Why Credit Cards for Bad Credit are Your Greatest Credit Repair Tools

by Redeeming Riches on January 11, 2013

If you’re not sure where to begin rebuilding your credit score, consider opening up a credit card for people with bad credit.

We know what you’re probably thinking: ‘He’s joking, right?’

Believe it or not, one of the most simple ways you can start the process of repairing your poor credit is by opening a new line of credit. It might seem strange, since odds are it was those very same credit cards that plummeted your credit in the first place. But based on how your FICO scores are calculated, applying for and receiving a credit card for bad credit is a great way to show creditors that you’re ready to start using credit responsibly.

Before you apply for a new credit card, it’s imperative that you understand what makes up your FICO scores.

According to Fair Isaac, inventors of FICO, 35% of your credit score is made up of your payment history. Two or three late or default payments can be a credit killer, and may very well explain your current state of below-average credit. Applying for and receiving a new credit card will give you another chance to show creditors that you can make on-time payments each month.

Another 30% of your credit score is explained by the amounts you owe. That is to say, how much credit you’re using versus the amount available to you. Ideally, you want to be using 10% or less of your available credit. While they may or not may not be realistic depending on your current situation, anything you can do to lower your credit utilization ratio is helpful. That’s why adding a new card to your overall credit profile is once again useful.

And finally, 10% of your credit score amounts to new credit. When you re-establish yourself as an active, responsible user of credit, then right away you can hope to see a modest boost in your credit score.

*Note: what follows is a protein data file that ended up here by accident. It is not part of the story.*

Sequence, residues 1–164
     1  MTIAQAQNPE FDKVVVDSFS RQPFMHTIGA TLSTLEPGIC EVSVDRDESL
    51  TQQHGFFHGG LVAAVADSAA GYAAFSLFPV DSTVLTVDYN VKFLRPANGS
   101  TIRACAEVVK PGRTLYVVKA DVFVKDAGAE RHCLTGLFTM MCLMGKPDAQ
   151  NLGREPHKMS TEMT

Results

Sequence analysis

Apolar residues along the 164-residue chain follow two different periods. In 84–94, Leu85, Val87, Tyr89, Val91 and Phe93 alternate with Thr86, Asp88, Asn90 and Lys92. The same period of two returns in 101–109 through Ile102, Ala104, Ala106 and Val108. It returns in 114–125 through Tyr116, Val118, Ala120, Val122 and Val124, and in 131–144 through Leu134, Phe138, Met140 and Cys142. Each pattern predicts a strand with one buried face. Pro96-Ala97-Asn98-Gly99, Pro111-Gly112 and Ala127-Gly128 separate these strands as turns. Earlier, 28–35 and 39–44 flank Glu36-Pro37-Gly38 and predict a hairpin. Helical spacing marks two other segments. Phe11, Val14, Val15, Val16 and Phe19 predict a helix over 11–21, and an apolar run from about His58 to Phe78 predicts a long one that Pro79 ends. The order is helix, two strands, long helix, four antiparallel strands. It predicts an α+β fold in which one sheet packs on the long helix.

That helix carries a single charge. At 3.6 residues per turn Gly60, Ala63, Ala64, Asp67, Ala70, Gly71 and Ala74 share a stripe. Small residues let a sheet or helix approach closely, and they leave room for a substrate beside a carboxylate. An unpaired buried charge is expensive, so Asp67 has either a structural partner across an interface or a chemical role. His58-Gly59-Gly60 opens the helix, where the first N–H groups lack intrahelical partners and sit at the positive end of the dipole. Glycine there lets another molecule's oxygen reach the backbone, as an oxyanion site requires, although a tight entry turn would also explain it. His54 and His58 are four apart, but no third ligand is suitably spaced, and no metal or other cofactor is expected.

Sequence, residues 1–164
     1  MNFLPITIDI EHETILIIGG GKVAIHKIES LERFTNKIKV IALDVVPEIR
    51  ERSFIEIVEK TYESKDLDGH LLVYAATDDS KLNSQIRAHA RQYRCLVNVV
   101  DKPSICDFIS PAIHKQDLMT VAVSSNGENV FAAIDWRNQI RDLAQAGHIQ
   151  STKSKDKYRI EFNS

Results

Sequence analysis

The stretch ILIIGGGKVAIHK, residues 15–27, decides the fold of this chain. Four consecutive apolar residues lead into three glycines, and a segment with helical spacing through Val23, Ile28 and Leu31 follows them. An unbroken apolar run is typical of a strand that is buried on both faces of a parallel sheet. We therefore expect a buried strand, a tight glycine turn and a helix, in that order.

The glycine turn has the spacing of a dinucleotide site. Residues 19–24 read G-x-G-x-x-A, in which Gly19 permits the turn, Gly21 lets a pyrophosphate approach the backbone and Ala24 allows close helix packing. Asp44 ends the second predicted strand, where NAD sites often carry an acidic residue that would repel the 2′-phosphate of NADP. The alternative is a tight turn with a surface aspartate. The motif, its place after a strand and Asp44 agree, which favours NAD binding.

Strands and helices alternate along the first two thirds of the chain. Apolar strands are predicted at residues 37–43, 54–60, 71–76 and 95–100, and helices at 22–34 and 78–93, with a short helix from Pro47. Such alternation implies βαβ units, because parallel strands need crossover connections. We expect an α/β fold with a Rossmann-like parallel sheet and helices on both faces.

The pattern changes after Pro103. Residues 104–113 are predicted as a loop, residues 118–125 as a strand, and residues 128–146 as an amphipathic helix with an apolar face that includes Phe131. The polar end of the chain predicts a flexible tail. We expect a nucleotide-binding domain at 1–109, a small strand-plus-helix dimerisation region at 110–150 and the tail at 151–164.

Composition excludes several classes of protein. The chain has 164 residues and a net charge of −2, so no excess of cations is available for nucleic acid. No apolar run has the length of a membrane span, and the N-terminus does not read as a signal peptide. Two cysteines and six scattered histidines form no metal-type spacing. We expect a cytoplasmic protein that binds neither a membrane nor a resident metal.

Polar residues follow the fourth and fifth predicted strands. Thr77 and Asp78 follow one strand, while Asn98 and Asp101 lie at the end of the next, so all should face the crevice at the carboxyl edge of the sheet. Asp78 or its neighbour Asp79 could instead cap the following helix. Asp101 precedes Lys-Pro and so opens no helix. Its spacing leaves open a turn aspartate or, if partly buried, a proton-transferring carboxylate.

If you’re good at math, than you’re probably wondering what happened to that other 25%. Well, 15% is made up of your credit history, which is why it’s always a good idea to apply for credit early, and another 10% is based on the type of credit you use. (A variation of auto loans, home mortgages, credit cards, etc.)

So as you can see, a HUGE portion of your credit score is either directly or indirectly affected when you open up a credit new credit card. And while it’s of course true that credit cards for people with bad credit aren’t exactly the best of the best, they’re still excellent tools for reestablishing credit.

There are essentially two types of credit cards for rebuilding credit: secured and unsecured.

Secured credit cards are popular for consumers with poor credit because they have a high approval rate, and often include credit monitoring tools. The biggest downside with secured cards, however, is that they require a security deposit guaranteeing their credit line. Generally, this deposit can range anywhere from $49 to $200+, and the credit line afforded to the cardholder will often start at 70% of the total deposit. So, if you secure $1,000 upon approval, odds are your credit line will be around $700.

Unsecured credit cards, however, do not require a deposit. And while this may lead you to believe they’re a better option than their secured counterparts, the fact of the matter is unsecured credit cards often carry some unattractive fees and sky-high interest. This makes sense since they’re passing along credit to consumers who have shown poor spending practices in the past, but the high interest and exorbitant fees might not be as useful in getting you out of debt and back into the good graces of creditors.

So, the greatest decision regarding how to improve your credit score shouldn’t be whether or not to apply for a credit card for rebuilding credit, but rather what kind of bad credit card to apply for as you look to improve your credit score.

This guest post was written by Jason Bushey. Jason runs the day to day operations at Creditnet.com, an online credit authority since 1995.

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